How Not to Repeat History of Failed Testing

For anyone who still questions the value of testing unified communications, let's look back to a popular case study that illustrates what can happen when something goes horribly wrong.

Most of us remember the fiasco of the federal government's HealthCare.gov launch back in October 2013. It was a technological failure resulting from the unsuccessful attempt to bring together many different pieces of functionality. While the development phase took longer than expected, the team failed to change the cutover date. Instead, it cut the time for testing the implementation right out of the schedule. Team members kept their fingers crossed and hoped that everything would work. Unfortunately, the jump from development right into production led to disastrous consequences.

Hindsight Is 20/20
I live in Minnesota, where the state recently launched a statewide healthcare initiative. Just like the HealthCare.gov team, state developers went live without testing the website or contact center. Various public service announcements for local news organizations actually quote officials saying quite specifically that they cut out testing. In retrospect, they made a huge mistake.

These two similar examples illustrate why testing is so important -- it's the only way you can be sure you don't have a "pig in a poke," as the old saying goes. It will reveal potential configuration problems or underlying balance issues within your environment.

I've heard about a telecommunications environment using an IVR built to handle 600 concurrent telephone calls, but unfortunately, the outside-in service provider's toll-free number circuits could only deliver 300 concurrent calls. That's a classic type of mismatch where one person is responsible for public network connectivity and someone else is responsible for application development and configuration. These are the kinds of issues uncovered when you try to fill the system to capacity where traffic enters and exits.

Verify Components Work Together
The challenge with building a complicated data processing or telecommunications environment is making sure that all the components work together effectively. It involves integrating software developed by many different people for disparate purposes, while also interacting with networks and databases. Each component can work perfectly on its own, but integration can cause issues based on scale and the APIs in use.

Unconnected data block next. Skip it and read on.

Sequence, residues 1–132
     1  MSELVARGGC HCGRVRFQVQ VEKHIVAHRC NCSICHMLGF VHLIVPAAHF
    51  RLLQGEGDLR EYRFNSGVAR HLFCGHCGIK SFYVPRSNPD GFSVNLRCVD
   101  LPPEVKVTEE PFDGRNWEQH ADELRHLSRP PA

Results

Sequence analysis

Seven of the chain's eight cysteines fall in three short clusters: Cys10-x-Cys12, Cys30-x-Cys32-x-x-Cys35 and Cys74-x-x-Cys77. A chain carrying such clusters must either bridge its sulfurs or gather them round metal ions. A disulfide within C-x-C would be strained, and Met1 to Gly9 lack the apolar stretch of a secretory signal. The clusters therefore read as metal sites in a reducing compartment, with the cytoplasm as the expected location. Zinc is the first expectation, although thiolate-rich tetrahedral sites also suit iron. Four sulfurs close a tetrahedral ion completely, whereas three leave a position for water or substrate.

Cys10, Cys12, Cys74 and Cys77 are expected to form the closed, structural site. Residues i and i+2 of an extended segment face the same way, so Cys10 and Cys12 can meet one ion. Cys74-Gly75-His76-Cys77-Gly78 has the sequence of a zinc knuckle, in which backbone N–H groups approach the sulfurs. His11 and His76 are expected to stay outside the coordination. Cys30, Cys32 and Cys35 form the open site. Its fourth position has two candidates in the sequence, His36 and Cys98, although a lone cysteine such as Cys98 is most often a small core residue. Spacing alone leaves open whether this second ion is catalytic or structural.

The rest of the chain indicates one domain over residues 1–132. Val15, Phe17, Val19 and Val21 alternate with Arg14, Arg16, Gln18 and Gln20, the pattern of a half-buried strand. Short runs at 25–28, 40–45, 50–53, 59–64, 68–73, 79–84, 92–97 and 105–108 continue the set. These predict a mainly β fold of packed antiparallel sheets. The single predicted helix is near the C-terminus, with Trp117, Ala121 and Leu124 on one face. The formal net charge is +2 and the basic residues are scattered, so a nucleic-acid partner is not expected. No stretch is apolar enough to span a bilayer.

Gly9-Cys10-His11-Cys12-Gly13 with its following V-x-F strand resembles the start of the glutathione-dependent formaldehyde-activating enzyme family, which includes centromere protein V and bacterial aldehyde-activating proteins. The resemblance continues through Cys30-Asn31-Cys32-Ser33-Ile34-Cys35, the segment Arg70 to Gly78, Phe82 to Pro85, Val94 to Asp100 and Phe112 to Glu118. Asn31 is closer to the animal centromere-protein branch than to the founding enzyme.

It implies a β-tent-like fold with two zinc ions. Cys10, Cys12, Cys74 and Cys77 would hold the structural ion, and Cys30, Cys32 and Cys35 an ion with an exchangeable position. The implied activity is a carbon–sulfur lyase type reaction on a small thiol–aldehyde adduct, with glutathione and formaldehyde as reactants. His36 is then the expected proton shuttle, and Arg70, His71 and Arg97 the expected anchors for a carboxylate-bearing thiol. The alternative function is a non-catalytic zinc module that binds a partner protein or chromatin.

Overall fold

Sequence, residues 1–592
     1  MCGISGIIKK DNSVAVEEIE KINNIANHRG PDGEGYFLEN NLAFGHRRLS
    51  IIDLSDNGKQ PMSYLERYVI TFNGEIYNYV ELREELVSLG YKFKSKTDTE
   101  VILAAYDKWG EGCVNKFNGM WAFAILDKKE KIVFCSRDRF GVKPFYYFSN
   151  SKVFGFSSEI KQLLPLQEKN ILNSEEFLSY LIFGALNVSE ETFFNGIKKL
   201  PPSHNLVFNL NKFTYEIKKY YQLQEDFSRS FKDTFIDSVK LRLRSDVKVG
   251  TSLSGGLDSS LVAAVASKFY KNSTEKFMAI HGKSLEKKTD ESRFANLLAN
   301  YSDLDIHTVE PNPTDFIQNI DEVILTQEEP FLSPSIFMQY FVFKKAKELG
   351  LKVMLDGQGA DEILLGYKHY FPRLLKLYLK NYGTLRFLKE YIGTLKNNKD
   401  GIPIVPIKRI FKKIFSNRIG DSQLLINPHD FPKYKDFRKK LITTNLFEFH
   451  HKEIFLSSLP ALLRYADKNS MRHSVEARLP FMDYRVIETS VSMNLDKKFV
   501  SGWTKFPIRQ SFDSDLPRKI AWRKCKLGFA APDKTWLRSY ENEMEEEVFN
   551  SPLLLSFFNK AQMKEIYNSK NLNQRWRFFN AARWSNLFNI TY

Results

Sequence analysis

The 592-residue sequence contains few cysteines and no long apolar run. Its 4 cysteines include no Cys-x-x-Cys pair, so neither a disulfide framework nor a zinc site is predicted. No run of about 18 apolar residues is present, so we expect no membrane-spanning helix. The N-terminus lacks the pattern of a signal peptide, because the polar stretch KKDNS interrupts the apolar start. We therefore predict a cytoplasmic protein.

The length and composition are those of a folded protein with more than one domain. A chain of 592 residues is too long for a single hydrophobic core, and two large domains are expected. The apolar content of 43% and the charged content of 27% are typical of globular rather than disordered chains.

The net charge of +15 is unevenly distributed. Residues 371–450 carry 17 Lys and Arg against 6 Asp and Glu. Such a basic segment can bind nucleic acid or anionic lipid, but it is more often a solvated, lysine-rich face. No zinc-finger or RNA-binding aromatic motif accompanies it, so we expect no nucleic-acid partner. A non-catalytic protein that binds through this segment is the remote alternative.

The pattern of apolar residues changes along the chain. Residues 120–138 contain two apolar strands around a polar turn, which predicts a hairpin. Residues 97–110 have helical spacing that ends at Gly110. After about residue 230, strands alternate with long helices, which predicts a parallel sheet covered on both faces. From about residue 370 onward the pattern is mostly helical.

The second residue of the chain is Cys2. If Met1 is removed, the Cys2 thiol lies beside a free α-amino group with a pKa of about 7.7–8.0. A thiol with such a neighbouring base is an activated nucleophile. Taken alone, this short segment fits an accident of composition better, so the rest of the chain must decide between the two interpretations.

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Soak testing, aimed at verifying a system's stability and performance characteristics over a period of time, is crucial because underlying issues might not emerge immediately. Everything might seem great when you get a few users to try out a new telecom system or Web environment. What you really need to do is run the system at full load, at the rate that you expect it to run at production. The system should experience this full load for a sustained period of time. That way you can be confident that there will be no surprises later.

Perform Periodic Health Checks
You must also periodically run a health check against the environment. As time goes by, things just under the surface of an environment will change. Ongoing testing ensures that an approaching deadline won't force you into a peak traffic situation where you enter blindly with your fingers crossed, hoping that nothing has changed since the last time you experienced maximum call volumes.

Periodic health checks involve continuously sampling the availability, functionality, and performance of any customer-facing technology. You need to use a controlled process with a protocol that knows exactly what the system is supposed to do. It will be able to identify components that aren't working as intended and bring them to your attention in a timely manner.

What We Learned
If there's one key takeaway from the HealthCare.gov case study, it's that these two areas of testing are crucial for a successful implementation. Remember, first you must verify all components are working together so people can use them effectively and efficiently. Second, you must confirm capacity on a periodic basis so you'll ensure that the technology is available 24 hours a day, seven days a week. As a result, users won't have to jump into a chat support session or into an IVR and use valuable live agent time.

Whether you're operating a self-service environment, website, or agent desktops, you must make sure everything is properly balanced and integrated from end to end. All components should function exactly the way they're supposed to while under load. If you cut out the testing before you go live, you're effectively cutting away your safety net. Look at what happened to Kathleen Sebelius, former Health and Human Services secretary -- the unfortunate decision to skip testing cost her job.